Although at least one of the early Fundamentals articles was sympathetic towards evolution, this changed with the article 'Evolutionism in the Pulpit', published in 1911 by an anonymous author.  The entire text is below.  It is a witty and scathing critique of Darwin's theory of evolution, and should give you a good sense of some of the reasons why the Fundamentalist movement was so successful.  Before you read it, though, I wanted to highlight a few items of interest:

Tuesday, April 12, 2011

Debunking Design - A Conclusion to Hume

We have finally reached the end.  I know it has been a long journey, but at last we today finish David Hume’s An Enquiry Concerning Human Understanding.  I thank you all for your patience as we go through this remarkably important book.  You may wonder why I have bothered with this book on a science-religion blog; the answer is that, by refusing to be content with knowledge derived solely from philosophy or revealed religion, Hume paved the way for the empirical experimental method.  More specifically, though, Darwin cited Hume as a ‘central influence’.  You can readily see why: Darwin was up against a standard view of the world, which saw both the design of God in the complexity of nature and the goodness of God in the harmony of nature, as revealed through the opening lines of Genesis.  To question the standard interpretation of revealed religion, to wonder if our experience of the world could possibly address the question of life’s origins, was a very Hume-ian thing to do.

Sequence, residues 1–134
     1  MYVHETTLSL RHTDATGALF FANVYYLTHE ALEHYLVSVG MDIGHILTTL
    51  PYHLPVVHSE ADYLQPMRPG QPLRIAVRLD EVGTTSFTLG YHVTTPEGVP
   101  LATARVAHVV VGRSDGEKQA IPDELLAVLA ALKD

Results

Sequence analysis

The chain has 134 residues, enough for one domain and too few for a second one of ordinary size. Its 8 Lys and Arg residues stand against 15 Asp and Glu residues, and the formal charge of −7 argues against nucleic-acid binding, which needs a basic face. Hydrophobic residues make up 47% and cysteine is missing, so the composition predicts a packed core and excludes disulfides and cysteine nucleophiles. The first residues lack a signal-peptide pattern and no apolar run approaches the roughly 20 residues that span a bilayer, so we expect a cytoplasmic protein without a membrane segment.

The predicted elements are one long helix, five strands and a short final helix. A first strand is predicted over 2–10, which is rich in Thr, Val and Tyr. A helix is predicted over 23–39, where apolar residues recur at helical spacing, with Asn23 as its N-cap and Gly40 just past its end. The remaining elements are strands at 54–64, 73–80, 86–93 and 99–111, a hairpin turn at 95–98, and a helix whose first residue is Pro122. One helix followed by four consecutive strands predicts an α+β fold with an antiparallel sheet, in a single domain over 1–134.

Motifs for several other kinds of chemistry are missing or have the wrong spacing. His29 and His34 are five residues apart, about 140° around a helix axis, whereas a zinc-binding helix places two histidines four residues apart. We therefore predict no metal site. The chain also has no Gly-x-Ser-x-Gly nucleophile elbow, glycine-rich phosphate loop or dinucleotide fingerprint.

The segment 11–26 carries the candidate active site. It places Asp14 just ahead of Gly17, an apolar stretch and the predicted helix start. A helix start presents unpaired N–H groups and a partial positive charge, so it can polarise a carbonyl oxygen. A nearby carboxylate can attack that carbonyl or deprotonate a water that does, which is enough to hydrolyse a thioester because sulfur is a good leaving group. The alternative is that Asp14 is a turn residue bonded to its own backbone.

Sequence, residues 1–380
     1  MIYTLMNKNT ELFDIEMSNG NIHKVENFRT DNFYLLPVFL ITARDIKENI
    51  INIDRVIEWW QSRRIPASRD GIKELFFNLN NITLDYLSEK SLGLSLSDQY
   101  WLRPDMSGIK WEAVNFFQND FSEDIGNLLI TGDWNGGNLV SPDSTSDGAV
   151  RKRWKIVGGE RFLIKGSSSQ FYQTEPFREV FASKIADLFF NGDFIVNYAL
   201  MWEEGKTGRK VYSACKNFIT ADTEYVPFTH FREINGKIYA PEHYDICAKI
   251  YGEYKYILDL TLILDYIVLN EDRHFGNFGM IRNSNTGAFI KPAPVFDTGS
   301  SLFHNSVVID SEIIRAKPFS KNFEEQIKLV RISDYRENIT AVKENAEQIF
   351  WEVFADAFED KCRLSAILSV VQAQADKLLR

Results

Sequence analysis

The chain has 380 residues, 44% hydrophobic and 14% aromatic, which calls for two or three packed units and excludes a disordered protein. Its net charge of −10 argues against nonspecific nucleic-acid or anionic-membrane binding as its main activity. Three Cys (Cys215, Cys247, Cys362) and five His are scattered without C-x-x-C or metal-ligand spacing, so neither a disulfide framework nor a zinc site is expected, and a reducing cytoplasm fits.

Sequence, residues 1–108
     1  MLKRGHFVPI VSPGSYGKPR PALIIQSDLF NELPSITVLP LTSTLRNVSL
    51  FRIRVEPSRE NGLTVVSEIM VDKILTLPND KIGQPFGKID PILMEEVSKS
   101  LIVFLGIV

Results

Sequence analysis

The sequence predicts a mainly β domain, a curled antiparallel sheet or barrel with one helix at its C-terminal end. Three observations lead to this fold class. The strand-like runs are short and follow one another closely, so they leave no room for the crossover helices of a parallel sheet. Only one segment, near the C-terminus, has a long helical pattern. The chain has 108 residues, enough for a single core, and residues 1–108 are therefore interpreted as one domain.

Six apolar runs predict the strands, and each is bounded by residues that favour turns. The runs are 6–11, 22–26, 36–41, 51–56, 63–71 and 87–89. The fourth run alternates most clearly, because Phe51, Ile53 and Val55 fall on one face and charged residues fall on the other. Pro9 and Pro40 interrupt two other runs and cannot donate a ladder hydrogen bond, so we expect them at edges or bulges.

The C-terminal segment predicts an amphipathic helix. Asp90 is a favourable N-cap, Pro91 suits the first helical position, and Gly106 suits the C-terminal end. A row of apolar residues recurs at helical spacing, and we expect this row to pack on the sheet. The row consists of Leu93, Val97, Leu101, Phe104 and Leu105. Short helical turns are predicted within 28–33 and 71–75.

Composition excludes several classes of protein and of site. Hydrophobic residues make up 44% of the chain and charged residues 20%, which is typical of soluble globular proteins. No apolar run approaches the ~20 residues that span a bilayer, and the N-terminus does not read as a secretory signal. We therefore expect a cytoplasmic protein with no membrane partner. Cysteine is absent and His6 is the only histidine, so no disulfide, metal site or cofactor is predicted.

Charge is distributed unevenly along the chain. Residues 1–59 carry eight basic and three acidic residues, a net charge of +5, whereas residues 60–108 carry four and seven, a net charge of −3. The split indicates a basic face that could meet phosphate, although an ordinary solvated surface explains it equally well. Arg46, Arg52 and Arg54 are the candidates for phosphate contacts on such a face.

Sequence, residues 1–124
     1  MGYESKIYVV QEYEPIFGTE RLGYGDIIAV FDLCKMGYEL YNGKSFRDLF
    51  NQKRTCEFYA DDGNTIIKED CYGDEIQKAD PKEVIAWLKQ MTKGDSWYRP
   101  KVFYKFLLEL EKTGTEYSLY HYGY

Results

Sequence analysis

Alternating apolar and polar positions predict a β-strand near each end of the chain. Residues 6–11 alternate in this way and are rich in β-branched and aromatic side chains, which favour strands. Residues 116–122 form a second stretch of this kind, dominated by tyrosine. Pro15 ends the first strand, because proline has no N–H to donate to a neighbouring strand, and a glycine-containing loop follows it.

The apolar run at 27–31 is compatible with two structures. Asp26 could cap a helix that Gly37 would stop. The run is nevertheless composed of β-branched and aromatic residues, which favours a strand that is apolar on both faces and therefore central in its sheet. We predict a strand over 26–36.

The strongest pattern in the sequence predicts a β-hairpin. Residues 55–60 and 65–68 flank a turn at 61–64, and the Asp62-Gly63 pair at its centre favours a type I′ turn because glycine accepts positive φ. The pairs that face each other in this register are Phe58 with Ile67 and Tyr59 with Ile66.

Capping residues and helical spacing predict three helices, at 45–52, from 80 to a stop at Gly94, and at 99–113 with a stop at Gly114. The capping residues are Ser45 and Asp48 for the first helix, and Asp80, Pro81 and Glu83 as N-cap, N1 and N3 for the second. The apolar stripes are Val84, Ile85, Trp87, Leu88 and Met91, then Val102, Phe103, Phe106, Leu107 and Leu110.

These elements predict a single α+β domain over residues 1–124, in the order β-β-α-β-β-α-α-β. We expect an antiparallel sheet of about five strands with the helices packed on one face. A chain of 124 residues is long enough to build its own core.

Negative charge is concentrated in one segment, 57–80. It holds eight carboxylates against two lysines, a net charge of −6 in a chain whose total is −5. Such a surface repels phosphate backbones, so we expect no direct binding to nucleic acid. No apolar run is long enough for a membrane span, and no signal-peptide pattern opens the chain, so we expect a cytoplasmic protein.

Friday, April 08, 2011

An Open Letter to the Minister of Fisheries

If you are at all concerned about the future state of our oceans, I have written a letter to Gail Shea (our Fisheries Minister).  Feel free to copy this letter, sign it, and mail it to her.  If you need a refresher as to why this matters, read my Lament for Canada's Oceans.  With an election forthcoming, now is the time to let our government know that we care about the future of our fisheries.  I must cite the work of Dr. Jeff Hutchings as the inspiration for much of this letter.

Tuesday, April 05, 2011

Designing Evolution - Christianity's Influence on Darwin

The following is a paper I stumbled on today, that I wrote for my Science and Religion class at Dalhousie on February 13, 2009.  Although it is not nearly as detailed as it deserves, I think its a good introduction to this topic.  Enjoy!  (P.S.  I remember I did well on this paper, but I don't remember how well.  But the clever title was certainly worth an A itself).

Saturday, April 02, 2011

Miraculous Stories - Can We Trust Them?

Imagine someone were to run into your classroom or workplace and shout out, ‘I just saw a dead man come back to life!’  Would you believe him?  Even if you believe in the possibility of miracles, would you trust his testimony?  In An Enquiry Concerning Human Understanding, Hume argues, quite powerfully, that miraculous stories can never be trusted.